If stress is a concern for yourself or a loved one, it can be helpful to get professional support to learn more about how it can managed and improved.

This is a Guest Post by Vanessa Maier.

Vanessa is a Chartered Practitioner Psychologist in private practice at Brighter Spaces Islington. She often utilizes an Acceptance and Commitment Therapeutic approach to working with individuals get better at stress and start taking effective action to move towards richer and more meaningful lives. Acceptance and Commitment Therapy (ACT) has been shown by numerous research studies to be an effective treatment intervention for a number of adult common and complex mental health conditions, including stress and burnout.

Source of reference:
Ell, S.W., Cosley, B. & McCoy, S.K. (2011). When bad stress goes good: increased threat reactivity predicts improved category learning performance. Psychonomic Bulletin & Review, 18(1), 96-102.
Health and Safety Executive (2018). Work related stress, depression or anxiety statistics in Great Britain, 2018. Retrieved from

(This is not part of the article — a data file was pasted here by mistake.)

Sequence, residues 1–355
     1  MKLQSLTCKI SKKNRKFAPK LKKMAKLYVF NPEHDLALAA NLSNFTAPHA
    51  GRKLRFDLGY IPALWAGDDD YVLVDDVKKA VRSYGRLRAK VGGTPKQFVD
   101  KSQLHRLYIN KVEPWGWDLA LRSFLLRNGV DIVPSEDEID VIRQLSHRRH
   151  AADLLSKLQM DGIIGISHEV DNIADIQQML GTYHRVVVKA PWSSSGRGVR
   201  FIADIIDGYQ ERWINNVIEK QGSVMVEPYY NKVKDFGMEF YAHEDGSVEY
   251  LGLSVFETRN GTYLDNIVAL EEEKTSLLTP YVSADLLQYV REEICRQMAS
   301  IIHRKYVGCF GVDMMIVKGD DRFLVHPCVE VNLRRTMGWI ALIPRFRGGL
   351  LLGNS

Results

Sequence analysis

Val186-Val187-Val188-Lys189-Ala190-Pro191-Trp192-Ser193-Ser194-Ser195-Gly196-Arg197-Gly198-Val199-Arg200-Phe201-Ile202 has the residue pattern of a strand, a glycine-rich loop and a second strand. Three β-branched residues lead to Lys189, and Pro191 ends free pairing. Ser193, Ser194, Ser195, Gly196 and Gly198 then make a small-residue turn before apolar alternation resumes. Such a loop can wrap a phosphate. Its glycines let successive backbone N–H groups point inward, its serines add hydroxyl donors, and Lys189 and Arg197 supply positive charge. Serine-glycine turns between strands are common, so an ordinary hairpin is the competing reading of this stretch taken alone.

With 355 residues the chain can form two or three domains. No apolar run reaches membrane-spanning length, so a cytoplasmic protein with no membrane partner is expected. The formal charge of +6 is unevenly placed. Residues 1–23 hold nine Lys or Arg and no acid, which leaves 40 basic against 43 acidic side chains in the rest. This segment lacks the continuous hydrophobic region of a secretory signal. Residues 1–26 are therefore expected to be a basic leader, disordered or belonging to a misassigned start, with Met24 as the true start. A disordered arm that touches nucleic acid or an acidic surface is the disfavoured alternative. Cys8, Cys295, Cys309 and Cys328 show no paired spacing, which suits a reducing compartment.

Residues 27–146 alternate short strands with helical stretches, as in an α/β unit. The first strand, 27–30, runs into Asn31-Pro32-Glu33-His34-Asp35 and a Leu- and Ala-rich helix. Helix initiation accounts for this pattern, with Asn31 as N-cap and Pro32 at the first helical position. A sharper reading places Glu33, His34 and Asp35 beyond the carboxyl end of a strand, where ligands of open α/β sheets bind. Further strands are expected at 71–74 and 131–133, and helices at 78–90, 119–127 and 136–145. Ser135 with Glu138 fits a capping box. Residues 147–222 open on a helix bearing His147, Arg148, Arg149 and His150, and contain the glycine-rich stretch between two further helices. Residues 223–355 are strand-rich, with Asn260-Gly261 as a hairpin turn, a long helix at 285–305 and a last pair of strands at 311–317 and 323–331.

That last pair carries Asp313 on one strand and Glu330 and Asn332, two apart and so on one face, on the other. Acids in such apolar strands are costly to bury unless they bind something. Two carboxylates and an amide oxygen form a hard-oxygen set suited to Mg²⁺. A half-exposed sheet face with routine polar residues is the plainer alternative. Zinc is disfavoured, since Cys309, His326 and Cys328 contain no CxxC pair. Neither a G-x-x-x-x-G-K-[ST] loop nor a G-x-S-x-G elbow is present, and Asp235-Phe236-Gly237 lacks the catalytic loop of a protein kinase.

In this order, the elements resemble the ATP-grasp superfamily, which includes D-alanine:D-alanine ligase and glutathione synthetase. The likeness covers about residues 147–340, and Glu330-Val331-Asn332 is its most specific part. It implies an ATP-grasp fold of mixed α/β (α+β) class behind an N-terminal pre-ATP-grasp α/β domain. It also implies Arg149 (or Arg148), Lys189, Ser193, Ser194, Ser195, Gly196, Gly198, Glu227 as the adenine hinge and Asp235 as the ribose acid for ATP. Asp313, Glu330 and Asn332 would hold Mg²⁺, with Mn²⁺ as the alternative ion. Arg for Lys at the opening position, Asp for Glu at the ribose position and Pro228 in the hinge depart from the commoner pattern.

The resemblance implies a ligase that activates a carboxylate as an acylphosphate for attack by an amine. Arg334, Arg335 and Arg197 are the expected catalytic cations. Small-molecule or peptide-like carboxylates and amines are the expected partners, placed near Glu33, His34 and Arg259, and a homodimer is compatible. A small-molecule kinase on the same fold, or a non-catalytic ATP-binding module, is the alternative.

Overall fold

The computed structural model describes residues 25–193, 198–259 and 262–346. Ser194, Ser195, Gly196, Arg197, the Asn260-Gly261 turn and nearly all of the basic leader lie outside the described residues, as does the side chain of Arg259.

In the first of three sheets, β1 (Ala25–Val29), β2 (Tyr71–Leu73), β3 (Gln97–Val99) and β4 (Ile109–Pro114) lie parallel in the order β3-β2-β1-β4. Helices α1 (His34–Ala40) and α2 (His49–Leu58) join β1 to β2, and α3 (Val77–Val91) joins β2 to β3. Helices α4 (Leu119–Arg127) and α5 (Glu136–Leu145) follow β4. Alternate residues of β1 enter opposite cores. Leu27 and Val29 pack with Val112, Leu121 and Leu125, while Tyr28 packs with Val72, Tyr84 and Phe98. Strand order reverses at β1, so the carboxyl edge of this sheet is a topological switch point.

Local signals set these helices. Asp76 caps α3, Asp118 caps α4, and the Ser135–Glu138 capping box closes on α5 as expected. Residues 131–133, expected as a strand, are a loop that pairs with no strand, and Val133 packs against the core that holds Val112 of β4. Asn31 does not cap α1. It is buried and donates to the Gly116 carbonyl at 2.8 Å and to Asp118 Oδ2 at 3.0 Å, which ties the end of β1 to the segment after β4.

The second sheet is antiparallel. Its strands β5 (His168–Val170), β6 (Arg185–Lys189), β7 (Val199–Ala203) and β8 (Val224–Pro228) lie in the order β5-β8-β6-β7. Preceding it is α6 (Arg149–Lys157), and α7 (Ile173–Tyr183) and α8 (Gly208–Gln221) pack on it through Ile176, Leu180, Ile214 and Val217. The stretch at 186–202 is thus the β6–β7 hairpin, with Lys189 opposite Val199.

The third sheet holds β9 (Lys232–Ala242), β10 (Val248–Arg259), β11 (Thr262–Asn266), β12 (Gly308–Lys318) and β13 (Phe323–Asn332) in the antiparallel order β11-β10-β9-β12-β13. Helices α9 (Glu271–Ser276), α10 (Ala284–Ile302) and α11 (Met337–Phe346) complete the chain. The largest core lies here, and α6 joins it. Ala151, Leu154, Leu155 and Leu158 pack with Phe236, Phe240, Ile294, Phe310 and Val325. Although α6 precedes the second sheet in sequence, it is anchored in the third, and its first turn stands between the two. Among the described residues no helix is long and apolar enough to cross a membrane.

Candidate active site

Jamieson, J. P., Mendes, W. B., & Nock, M. K. (2013). Improving Acute Stress Responses: The Power of Reappraisal. Current Directions in Psychological Science, 22(1), 51–56.
McGonigal, K. (2013). How to make stress your friend. TedTalk. Retrieved from
Keller, A., Litzelman, K., Wisk, L. E., Maddox, T., Cheng, E. R., Creswell, P. D., & Witt, W. P. (2012). Does the perception that stress affects health matter? The association with health and mortality. Health Psychology, 31(5), 677-684.
Mental Health Foundation (2016). ‘Fundamental Facts about Mental Health 2016’. Retrieved from
Poulin, M. J., Brown, S. L., Dillard, A. J., & Smith, D. M. (2013). Giving to others and the association between stress and mortality. American journal of public health, 103(9), 1649–1655.
Stevenson., & Farmer., (2017). ‘Thriving at work: The Independent Review of Mental Health and Employers’. Retrieved from